The Purdue Neurotrauma Group (PNG) has earned a place in the national spotlight for shedding light on traumatic brain injury—proving that the concern extends far beyond concussions. Imaging some 400 high school athletes with full MRI workups, PNG was the first to reveal that up to 90 percent of players experience changes in brain behavior. Head injuries continue to rattle the athletic world and demand researchers dig deeper, but PNG says “our funding is drying up.” Self-described as “the only independent research group,” the team is going on the offensive to find critical funds.
Purdue alumnus and former NFL quarterback Mark Herrmann fronts a crowdfunding video the group recently issued to drum up support. It won’t generate the $2 million needed to conduct the study the team envisions, but it will nudge the needle and generate awareness of why PNG has an unconventional game plan for funding its research.
“Our niche is looking at the players before they start playing; we do a complete MRI workup and cognitive testing, then we track every hit that they take all through the season during practices and games [for high school football and women’s soccer],” says Purdue Weldon School of Biomedical Engineering Professor Dr. Eric Nauman. “Then we look at how their brains and brain function changes during the season and how it recovers—or doesn’t recover—post-season.”
The team’s research uncovered that most players are experiencing some level of neurotrauma—underscoring their stance that concussions shouldn’t be the only focus.
“[Other studies] are trying to identify concussions, but concussions are only 10 percent of the problem,” says Nauman. “We’re seeing changes in brain behavior affect anywhere from 50 to 90 percent of the players.”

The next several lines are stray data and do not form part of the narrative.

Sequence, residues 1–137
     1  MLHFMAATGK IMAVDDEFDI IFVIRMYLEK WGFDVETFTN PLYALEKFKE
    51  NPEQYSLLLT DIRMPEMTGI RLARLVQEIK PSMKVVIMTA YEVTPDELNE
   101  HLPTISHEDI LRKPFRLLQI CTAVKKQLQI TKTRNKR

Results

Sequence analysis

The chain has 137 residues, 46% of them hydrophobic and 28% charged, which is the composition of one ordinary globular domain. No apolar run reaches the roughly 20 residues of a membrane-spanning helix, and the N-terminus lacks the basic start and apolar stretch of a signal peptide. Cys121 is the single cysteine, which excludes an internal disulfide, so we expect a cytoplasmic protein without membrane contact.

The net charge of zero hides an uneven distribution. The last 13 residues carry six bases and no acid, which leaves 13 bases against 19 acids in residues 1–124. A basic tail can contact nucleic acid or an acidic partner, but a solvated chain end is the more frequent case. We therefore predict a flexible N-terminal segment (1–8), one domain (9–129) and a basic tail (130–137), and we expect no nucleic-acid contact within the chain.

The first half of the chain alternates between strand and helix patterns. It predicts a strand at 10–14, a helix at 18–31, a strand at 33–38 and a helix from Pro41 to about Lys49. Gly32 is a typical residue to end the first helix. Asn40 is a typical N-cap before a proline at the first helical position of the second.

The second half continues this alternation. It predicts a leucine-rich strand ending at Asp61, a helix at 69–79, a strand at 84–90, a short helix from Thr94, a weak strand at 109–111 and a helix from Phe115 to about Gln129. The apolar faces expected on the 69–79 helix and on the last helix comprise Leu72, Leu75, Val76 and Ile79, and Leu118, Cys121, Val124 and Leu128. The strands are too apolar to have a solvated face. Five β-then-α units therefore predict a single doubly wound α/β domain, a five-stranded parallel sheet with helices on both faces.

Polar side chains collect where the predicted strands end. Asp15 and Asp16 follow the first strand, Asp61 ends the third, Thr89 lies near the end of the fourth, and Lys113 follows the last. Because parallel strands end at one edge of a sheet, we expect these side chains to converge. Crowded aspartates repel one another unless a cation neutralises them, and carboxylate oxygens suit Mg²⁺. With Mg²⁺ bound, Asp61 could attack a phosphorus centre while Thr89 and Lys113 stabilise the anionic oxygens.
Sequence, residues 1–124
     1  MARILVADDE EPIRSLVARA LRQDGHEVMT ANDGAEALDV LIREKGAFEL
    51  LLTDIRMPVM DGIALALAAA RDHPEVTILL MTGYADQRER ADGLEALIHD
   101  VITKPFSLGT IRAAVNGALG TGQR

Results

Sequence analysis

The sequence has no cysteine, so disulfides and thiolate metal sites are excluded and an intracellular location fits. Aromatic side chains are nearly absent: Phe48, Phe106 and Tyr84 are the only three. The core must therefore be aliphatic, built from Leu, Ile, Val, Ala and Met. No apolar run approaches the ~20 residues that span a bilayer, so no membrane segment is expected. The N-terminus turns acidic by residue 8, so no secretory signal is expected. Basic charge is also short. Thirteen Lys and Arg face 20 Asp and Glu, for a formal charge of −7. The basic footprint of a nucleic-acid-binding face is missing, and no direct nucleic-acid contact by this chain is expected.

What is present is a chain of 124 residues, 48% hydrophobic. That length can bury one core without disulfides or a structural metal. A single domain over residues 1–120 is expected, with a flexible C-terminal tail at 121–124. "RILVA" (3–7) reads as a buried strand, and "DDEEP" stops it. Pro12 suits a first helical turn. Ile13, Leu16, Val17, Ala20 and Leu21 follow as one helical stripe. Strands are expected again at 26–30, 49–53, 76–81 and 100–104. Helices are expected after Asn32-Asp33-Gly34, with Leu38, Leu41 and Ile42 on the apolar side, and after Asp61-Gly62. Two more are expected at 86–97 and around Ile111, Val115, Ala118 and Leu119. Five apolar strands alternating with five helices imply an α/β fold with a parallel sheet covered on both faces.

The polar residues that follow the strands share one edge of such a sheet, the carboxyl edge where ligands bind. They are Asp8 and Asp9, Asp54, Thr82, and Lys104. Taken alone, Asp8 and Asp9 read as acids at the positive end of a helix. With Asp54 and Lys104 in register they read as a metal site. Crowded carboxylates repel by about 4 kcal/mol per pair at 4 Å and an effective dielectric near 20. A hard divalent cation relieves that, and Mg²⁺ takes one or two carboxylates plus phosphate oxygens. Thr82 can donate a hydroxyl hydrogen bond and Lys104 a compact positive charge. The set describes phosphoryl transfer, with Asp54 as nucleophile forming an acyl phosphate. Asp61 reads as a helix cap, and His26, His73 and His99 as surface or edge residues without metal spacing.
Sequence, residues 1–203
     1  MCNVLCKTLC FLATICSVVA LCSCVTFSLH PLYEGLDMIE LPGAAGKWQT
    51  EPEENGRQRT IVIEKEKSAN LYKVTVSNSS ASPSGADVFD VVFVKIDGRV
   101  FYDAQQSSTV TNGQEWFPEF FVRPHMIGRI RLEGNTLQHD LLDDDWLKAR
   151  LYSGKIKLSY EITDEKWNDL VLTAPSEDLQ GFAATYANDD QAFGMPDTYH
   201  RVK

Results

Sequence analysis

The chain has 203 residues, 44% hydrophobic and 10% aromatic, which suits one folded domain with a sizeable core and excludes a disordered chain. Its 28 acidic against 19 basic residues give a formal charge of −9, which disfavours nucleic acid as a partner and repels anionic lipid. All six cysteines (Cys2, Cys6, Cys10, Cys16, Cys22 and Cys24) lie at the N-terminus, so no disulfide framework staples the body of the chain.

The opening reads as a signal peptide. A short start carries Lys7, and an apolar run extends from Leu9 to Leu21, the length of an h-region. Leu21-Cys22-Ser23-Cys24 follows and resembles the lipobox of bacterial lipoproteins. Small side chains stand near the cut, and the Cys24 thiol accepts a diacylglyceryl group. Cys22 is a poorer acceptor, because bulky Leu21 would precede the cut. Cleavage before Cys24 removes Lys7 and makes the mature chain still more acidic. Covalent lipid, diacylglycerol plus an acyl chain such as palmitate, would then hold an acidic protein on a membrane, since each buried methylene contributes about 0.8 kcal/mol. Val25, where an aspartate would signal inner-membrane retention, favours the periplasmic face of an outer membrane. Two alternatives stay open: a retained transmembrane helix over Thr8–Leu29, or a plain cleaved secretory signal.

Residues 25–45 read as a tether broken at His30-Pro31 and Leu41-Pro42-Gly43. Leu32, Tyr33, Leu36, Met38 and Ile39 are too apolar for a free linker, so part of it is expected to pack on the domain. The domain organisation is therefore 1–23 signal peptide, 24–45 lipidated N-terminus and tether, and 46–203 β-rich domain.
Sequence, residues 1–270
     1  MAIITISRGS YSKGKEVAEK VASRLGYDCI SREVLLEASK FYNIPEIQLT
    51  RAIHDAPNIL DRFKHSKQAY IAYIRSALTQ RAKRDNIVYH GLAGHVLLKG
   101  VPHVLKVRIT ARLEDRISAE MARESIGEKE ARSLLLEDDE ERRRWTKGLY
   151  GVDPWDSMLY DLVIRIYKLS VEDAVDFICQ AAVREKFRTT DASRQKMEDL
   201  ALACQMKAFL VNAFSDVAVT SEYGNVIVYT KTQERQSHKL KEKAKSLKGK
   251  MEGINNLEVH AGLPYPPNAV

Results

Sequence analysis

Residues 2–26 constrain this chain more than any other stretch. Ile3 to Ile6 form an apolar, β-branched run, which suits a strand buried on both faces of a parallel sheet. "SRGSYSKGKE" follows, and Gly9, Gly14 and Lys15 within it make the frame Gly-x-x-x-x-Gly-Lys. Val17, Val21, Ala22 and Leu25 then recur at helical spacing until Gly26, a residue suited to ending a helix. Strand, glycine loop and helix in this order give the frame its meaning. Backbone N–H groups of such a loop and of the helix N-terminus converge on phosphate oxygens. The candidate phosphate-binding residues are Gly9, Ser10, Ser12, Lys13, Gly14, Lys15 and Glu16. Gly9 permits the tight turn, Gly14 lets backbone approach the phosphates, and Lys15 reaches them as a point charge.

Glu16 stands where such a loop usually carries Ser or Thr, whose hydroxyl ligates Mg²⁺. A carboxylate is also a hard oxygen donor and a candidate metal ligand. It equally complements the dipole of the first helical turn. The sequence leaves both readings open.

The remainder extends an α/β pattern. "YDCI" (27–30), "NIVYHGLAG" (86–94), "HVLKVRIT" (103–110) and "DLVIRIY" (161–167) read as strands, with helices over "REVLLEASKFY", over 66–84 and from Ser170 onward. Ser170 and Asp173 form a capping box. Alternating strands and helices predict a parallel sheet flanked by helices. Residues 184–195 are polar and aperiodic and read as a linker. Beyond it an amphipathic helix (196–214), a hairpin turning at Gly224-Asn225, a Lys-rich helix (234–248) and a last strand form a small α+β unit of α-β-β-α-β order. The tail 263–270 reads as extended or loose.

The group says its annual expenditure for “an okay” study is a minimum of $400,000. The most impactful study—the one PNG is aiming for—would follow football and men’s and women’s soccer players for two years to compare brain changes that occur in the different genders and sports. The researchers estimate it would cost close to $2 million.
“[PNG] was first to show some of these [head injury] effects are ubiquitous—showing up everywhere—and changing how kids’ brains work,” says Nauman. “And that’s a problem, so the NFL is not interested in our stuff. We’re at a point where we’ve used up our resources.”
In 2014, the NCAA and U.S. Department of Defense (DOD) launched a three-year, $30 million study that’s focusing on concussions. In 2013, the NFL partnered with General Electric on a $50 million initiative to study better imaging technology to detect concussions. And the researchers say the National Institutes of Health (NIH) focuses on medical schools, “and we’re not medical doctors.”
“The reality is the real amount of money available to other researchers not tied to [the NFL and NCAA] projects is probably well less than $1 million a year across the country,” says Purdue Weldon School of Biomedical Engineering Professor Dr. Thomas Talavage. “Tracking down that kind of money when you don’t have access to the deep pockets of government—as in the NIH or DOD—is a real challenge.”
The team emphasizes that PNG has “made some really big strides” in research so far for less than $1 million.
“We’ve studied and imaged more players cheaper than any of these other studies. We’ve got more data than anybody,” says Nauman. “We’re willing to step outside our comfort zone and try to raise money because it’s important; I don’t want our research funded by the NFL and [other sports organizations].”
Motivated by the ultimate goal to use PNG’s research to “prevent injuries in the first place,” the team is charging forward with crowdsourcing and has grant applications pending.
“It’s entirely fixable. This [head injury] problem could go away within six months if we have a decent level of funding to implement the interventions,” says Purdue Department of Health and Kinesiology Clinical Professor Dr. Larry Leverenz. “Changes can occur, and the game can become safer, and it isn’t going to take a lot to do that.”
Nauman says with more research that leads to interventions, it is possible to make sports safer.
Talavage says understanding the mechanisms that cause traumatic brain injuries will lead to prevention.